The term grub is generally used to describe the larvae of beetles. Grubs may be found in soil and potting mix like curl grubs, or boring into stems or branches like jewel beetle grubs. Beetle grubs can generally be distinguished from caterpillars and other larvae by their plump, ‘C’ shape and the presence of six legs on the body close to the head.

Some gardeners may also use the word ‘grubs’ as a generic term to describe other soft-bodied pests for example fruit fly maggots, sawfly larvae or pear and cherry slugs.

Control options include trapping, squashing or using sprays with pyrethrum such as EarthCare Natural Pyrethrum insect spray, if the insect is accessible. Remember to follow the directions on the back of the container and spray both sides of the foliage. Repeat spraying maybe required for further control. Also do not spray when beneficial insects and bees are around.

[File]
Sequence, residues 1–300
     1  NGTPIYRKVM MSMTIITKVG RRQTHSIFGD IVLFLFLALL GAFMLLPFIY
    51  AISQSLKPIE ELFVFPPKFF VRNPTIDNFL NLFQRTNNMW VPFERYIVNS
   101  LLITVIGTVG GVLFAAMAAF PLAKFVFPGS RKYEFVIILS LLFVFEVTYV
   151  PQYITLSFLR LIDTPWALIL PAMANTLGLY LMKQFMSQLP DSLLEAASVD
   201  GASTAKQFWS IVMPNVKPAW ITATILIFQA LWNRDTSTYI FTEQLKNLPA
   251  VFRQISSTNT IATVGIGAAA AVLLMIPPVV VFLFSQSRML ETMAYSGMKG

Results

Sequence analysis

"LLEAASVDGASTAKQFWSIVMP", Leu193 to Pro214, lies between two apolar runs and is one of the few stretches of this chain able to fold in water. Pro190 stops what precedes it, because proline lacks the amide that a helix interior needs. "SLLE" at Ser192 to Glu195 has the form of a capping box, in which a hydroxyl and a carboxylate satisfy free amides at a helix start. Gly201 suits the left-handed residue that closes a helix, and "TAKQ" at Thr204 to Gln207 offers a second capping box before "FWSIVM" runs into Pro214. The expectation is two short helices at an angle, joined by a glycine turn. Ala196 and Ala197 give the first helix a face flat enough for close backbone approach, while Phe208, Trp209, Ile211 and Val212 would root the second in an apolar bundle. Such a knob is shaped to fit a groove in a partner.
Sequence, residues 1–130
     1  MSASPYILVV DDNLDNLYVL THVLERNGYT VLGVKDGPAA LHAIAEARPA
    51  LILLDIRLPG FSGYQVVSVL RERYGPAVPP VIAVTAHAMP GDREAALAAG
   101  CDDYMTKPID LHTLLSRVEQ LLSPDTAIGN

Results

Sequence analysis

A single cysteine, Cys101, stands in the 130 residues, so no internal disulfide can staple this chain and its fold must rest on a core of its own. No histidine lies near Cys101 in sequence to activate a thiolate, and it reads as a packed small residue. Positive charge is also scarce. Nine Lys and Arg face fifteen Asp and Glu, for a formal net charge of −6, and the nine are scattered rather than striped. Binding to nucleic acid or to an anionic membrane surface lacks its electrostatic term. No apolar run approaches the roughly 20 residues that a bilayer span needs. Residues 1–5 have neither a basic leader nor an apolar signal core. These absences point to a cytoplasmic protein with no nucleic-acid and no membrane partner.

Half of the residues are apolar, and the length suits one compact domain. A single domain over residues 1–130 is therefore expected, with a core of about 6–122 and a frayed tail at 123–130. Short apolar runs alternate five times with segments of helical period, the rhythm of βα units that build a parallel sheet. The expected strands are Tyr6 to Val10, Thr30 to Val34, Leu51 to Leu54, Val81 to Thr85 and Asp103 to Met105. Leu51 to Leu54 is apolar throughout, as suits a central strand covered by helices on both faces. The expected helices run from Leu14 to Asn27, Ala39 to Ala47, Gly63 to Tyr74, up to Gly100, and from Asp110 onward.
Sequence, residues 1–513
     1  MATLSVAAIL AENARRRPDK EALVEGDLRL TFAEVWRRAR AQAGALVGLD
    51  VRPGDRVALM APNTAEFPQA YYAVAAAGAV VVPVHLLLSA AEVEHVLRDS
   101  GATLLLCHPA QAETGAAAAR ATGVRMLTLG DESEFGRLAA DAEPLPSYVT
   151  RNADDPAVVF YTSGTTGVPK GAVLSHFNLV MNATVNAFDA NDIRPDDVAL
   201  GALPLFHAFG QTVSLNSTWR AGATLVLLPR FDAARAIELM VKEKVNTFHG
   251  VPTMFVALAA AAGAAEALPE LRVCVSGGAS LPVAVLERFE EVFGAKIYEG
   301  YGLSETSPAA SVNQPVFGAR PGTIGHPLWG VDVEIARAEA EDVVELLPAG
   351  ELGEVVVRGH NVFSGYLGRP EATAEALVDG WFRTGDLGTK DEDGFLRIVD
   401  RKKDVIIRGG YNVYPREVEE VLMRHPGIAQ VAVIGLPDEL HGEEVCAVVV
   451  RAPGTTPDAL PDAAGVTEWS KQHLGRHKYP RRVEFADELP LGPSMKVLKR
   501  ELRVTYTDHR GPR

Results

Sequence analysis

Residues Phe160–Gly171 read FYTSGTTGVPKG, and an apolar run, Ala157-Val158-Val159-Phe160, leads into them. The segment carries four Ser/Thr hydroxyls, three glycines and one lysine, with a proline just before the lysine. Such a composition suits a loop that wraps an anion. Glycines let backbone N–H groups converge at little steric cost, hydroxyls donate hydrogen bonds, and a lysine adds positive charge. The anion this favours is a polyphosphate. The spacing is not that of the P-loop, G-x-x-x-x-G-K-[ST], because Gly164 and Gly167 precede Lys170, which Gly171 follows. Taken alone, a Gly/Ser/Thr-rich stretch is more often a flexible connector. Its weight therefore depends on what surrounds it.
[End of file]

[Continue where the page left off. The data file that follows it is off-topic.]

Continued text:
Borers can be physically squashed inside their holes or removed by pruning off damage growth. Keeping an eye on your plants can also help as you are more likely to see grub damage before the actual pest itself.  Some borers will also select damaged plants. Improve the health of your plants and the soil by applying Seasol Biochar with Zeolite to the soil and PowerFeed All Purpose including Natives to your plants to strengthen both the structure of the soil and the strength of your plants.

Pear and cherry slug can be desiccated by dusting with lime. Grubs in soft fruit are probably fruit fly larvae.

Articles you may be interested in